Triathlete Lucy Mapp – The Next Level
Triathlete and Monk Nutrition Ambassador, Lucy Mapp, gives us her latest race update and how she is getting ready to step up to the next level!
Race Update and The Next Level
9th June was my last planned race of the early-season, and the British Triathlon Championships taking place in Leeds as part of the ITU series and so it was a big event with massive crowds gathered for the afternoon’s elite races with the likes of the Brownlees, last year’s series winner Vicky Holland and the fast-improving Georgia Taylor-Brown.
The morning’s Championship races were rather more low-key, however vast in number and the shear enormity of the event, complete with event village and pre-racking of bikes was all quite new to me.
The Saturday didn’t show great appeal with grey skies, rain and wind and not the most inviting weather to go and rack a bike in. After a drive round the bike course and a bit of re-fuelling back at the Airbnb the skies cleared a little and ventured off to the event village to register and rack. All that was left to do was check everything was ready for the next day, fuel up and try to get some sleep.
The next morning brought with it the prospect of some better weather with early morning sun and some blue sky. Time to get the rest of transition set up and prepare for my wave to set off.
8.05 am came around, and after an hour of the men setting off at 5 min intervals it was the turn of the women. A busy swim start, with arms and legs everywhere and splashing galore. Everyone was jostling for a bit of space and trying to get ahead of people all the way to the first and even second buoy, making it a tricky start.
Finally out of the swim it was an uphill 500m run into transition (just what you wanted after a 1.5 km swim and barefoot!) to find your bike. Fortunately there was a conveniently-placed portaloo outside transition which served as a fantastic marker for my row and I made sure I didn’t miss my bike and run straight past.
Another long run out of transition to the bike mount line then onto the bike, avoid everyone else trying to mount on the slight uphill and keep out of the way. Feet in and then head down trying to push as hard as possible whilst keeping some legs for the run to come.
It was a good bike course, testing in some places and frustrating in others, especially with the number of athletes out on the course – it was really busy and at sharp corners and descents it wasn’t easy to know who was doing or going to do what.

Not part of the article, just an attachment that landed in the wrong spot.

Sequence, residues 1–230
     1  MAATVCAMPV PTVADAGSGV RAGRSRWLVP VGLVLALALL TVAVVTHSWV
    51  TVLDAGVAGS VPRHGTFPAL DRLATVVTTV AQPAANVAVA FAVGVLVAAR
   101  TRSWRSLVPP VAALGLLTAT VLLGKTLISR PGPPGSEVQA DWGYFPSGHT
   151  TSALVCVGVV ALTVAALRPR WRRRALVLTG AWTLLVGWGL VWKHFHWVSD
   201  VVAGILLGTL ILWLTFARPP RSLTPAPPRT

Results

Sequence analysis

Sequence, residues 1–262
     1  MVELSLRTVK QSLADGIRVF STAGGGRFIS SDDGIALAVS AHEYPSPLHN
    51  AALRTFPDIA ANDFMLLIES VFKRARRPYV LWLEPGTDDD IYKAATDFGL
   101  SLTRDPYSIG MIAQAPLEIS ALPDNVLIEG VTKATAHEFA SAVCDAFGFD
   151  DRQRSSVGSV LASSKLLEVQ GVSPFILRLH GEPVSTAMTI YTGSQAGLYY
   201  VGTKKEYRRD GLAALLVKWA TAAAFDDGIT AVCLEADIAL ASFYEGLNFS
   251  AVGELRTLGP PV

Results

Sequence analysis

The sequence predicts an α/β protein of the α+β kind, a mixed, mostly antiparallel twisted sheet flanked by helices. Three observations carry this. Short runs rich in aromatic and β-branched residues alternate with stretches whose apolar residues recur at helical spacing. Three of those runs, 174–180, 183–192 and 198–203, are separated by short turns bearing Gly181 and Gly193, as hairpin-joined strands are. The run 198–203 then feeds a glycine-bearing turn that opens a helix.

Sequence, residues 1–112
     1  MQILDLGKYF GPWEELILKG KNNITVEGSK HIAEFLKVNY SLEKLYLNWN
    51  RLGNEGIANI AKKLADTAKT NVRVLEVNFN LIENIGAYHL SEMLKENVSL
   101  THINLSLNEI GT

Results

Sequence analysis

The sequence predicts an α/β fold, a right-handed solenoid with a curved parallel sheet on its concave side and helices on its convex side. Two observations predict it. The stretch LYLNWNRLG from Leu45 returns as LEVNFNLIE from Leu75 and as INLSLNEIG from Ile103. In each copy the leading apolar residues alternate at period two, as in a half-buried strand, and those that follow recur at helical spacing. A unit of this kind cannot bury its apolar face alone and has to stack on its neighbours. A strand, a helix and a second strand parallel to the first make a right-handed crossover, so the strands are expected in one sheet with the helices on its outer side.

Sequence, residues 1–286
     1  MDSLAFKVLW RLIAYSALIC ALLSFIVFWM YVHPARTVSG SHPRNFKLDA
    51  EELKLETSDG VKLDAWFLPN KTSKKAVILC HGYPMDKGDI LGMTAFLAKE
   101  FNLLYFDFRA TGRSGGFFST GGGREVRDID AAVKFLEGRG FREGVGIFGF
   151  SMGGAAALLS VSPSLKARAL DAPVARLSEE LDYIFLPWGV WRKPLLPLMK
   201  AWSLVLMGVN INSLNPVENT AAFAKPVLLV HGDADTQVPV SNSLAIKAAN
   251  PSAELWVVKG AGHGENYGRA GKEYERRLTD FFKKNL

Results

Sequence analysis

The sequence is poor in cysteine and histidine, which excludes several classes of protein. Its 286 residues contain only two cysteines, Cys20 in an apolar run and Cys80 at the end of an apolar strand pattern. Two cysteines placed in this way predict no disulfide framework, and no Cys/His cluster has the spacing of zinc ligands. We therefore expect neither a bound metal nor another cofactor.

2 laps done time to head back in, dismount, another long run back into transition (this time getting stuck behind two guys walking whilst I was trying to run through for a speedy transition) then out onto the run course. The run headed out and away from the event village and transition area and down into the city centre where the supporters were gathered to cheer everyone on during the loops of the centre. Despite being predominantly downhill for the first part (with one or two uphill parts initially) it was a testing course, with loops, turns and gradual slopes up and down through the town centre, and one final uphill right before the finish which was tucked away around a corner.
All in all it was a decent race, although I was disappointed with my swim particularly and overall performance; I was a bit tired having tried to do too much the week before and in the lead up to the race and so wasn’t at my absolute peak on the start line, something that I regret. Lesson learnt though.
Moving forwards, I’ve decided that I’m ready for a bit more of a challenge, and to see what I am capable of in the sport. I will therefore be stepping up to 70.3 distance races, also known as ‘middle distance’ or ‘half ironmans’. These comprise a 1.2 mile / 1.9 km swim, 52 mile / 90 km bike and 13.1 mile /21 km (half marathon) run (with these Olympic / standard distance events comprising a 1.5 km swim, 40 km bike and 10 km run).
I’ll be adapting my training to step up to this distance. No massive increase in hours or volume, just tweaking here and there for more middle-distance specificity; a bit more endurance and a bit less top end speed work.
Watch this space for more updates as I progress in my training and move towards the races I have planned (Aug / Sep 2019).